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http://dx.doi.org/10.1021/acscatal.9b00778DOI Listing
http://www.ncbi.nlm.nih.gov/pmc/articles/PMC7007194PMC
June 2019

Structural and kinetic features of aldehyde dehydrogenase 1A (ALDH1A) subfamily members, cancer stem cell markers active in retinoic acid biosynthesis.

Arch Biochem Biophys 2020 03 7;681:108256. Epub 2020 Jan 7.

Department of Biochemistry and Molecular Biology, Universitat Autònoma de Barcelona, E-08193, Bellaterra, Barcelona, Spain. Electronic address:

Aldehyde dehydrogenases catalyze the NAD(P)-dependent oxidation of aldehydes to their corresponding carboxylic acids. The three-dimensional structures of the human ALDH1A enzymes were recently obtained, while a complete kinetic characterization of them, under the same experimental conditions, is lacking. We show that the three enzymes, ALDH1A1, ALDH1A2 and ALDH1A3, have similar topologies, although with decreasing volumes in their substrate-binding pockets. The activity with aliphatic and retinoid aldehydes was characterized side-by-side, using an improved HPLC-based method for retinaldehyde. Hexanal was the most efficient substrate. ALDH1A1 displayed lower K values with hexanal, trans-2-hexenal and citral, compared to ALDH1A2 and ALDH1A3. ALDH1A2 was the best enzyme for the lipid peroxidation product, 4-hydroxy-2-nonenal, in terms of k/K. The catalytic efficiency towards all-trans and 9-cis-retinaldehyde was in general lower than for alkanals and alkenals. ALDH1A2 and ALDH1A3 showed higher catalytic efficiency for all-trans-retinaldehyde. The lower specificity of ALDH1A3 for 9-cis-retinaldehyde against the all-trans- isomer might be related to the smaller volume of its substrate-binding pocket. Magnesium inhibited ALDH1A1 and ALDH1A2, while it activated ALDH1A3, which is consistent with cofactor dissociation being the rate-limiting step for ALDH1A1 and ALDH1A2, and deacylation for ALDH1A3, with hexanal as a substrate. We mutated both ALDH1A1 (L114P) and ALDH1A2 (N475G, A476V, L477V, N478S) to mimic their counterpart substrate-binding pockets. ALDH1A1 specificity for citral was traced to residue 114 and to residues 458 to 461. Regarding retinaldehyde, the mutants did not show significant differences with their respective wild-type forms, suggesting that the mutated residues are not critical for retinoid specificity.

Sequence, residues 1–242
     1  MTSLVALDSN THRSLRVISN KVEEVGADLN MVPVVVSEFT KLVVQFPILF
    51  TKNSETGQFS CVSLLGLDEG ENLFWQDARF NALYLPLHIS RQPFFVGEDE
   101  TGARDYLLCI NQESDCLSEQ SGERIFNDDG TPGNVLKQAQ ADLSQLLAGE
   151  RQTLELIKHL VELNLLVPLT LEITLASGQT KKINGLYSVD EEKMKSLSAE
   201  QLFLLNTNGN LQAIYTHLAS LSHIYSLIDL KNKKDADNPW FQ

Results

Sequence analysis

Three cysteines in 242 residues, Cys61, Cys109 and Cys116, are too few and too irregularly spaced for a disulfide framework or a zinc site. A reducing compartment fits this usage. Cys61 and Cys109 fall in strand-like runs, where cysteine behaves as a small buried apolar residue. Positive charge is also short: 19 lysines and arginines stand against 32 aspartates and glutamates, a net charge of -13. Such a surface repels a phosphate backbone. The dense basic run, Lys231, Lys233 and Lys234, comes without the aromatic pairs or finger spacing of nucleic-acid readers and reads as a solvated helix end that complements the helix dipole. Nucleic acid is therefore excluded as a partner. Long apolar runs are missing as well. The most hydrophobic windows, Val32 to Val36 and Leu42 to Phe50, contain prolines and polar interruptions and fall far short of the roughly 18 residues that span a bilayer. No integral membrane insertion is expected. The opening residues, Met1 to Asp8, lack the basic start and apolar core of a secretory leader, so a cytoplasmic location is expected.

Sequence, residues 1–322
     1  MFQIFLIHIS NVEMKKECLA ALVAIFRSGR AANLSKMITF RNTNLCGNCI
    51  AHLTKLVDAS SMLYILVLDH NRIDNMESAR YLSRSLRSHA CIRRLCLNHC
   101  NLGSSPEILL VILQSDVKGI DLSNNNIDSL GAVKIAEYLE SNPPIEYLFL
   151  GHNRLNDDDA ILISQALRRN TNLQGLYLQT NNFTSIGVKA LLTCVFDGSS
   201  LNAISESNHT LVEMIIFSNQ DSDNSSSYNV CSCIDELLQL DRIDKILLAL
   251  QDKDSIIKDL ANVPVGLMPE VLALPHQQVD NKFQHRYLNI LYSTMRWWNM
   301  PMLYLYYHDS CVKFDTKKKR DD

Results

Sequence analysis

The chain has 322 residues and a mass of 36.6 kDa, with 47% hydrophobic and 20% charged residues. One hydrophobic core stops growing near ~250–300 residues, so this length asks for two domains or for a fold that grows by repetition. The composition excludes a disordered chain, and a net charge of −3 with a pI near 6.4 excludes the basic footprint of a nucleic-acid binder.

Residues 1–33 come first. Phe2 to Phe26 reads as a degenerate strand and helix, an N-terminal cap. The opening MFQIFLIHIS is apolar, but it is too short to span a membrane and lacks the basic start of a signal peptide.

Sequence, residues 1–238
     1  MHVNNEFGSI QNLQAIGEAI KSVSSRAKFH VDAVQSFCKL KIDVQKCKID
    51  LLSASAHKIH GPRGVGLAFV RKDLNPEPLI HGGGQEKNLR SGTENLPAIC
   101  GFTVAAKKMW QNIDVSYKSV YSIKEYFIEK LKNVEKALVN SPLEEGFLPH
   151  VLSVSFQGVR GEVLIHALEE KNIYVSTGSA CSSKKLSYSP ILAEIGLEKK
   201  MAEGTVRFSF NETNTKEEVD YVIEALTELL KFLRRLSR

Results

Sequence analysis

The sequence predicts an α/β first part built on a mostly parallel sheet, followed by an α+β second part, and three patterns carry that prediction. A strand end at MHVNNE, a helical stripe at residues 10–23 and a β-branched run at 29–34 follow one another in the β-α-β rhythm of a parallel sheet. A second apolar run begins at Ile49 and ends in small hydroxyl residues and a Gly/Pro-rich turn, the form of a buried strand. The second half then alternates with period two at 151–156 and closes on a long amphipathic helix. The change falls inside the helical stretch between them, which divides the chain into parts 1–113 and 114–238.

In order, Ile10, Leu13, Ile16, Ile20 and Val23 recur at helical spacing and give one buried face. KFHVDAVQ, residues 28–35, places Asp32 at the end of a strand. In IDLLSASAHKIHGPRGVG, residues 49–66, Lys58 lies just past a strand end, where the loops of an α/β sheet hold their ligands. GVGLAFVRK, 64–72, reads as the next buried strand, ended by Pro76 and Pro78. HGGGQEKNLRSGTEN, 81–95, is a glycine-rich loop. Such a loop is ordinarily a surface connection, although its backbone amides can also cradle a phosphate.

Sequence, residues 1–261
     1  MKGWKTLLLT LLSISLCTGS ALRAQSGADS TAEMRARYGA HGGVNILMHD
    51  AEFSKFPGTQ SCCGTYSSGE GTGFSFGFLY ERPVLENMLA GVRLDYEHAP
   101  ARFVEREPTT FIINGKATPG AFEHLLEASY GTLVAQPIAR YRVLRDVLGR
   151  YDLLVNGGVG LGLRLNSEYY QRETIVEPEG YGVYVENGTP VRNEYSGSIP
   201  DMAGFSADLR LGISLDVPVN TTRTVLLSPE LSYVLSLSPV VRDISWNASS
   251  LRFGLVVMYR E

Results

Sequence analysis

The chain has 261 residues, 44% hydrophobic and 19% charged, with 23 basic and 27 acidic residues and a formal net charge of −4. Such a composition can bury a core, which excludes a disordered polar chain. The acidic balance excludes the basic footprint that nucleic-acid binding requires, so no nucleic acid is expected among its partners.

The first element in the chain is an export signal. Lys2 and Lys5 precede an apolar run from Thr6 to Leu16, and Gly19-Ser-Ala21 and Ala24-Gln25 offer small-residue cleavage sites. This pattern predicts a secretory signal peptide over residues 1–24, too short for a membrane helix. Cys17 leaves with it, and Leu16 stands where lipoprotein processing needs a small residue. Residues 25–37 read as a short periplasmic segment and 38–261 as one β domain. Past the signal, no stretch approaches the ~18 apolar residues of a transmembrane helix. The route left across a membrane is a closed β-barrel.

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http://dx.doi.org/10.1016/j.abb.2020.108256DOI Listing
March 2020

A Single Point Mutation Converts GH84 -GlcNAc Hydrolases into Phosphorylases: Experimental and Theoretical Evidence.

J Am Chem Soc 2020 02 24;142(5):2120-2124. Epub 2020 Jan 24.

Departament de Quı́mica Inorgànica i Orgànica (Secció de Quı́mica Orgànica) and Institut de Quı́mica Teòrica i Computacional (IQTCUB) , Universitat de Barcelona , Martí i Franquès 1 , 08028 Barcelona , Spain.

Glycoside hydrolases and phosphorylases are two major classes of enzymes responsible for the cleavage of glycosidic bonds. Here we show that two GH84 -GlcNAcase enzymes can be converted to efficient phosphorylases by a single point mutation. Noteworthy, the mutated enzymes are over 10-fold more active than naturally occurring glucosaminide phosphorylases. We rationalize this novel transformation using molecular dynamics and QM/MM metadynamics methods, showing that the mutation changes the electrostatic potential at the active site and reduces the energy barrier for phosphorolysis by 10 kcal·mol. In addition, the simulations unambiguously reveal the nature of the intermediate as a glucose oxazolinium ion, clarifying the debate on the nature of such a reaction intermediate in glycoside hydrolases operating via substrate-assisted catalysis.
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http://dx.doi.org/10.1021/jacs.9b09655DOI Listing
February 2020

Mannosidase mechanism: at the intersection of conformation and catalysis.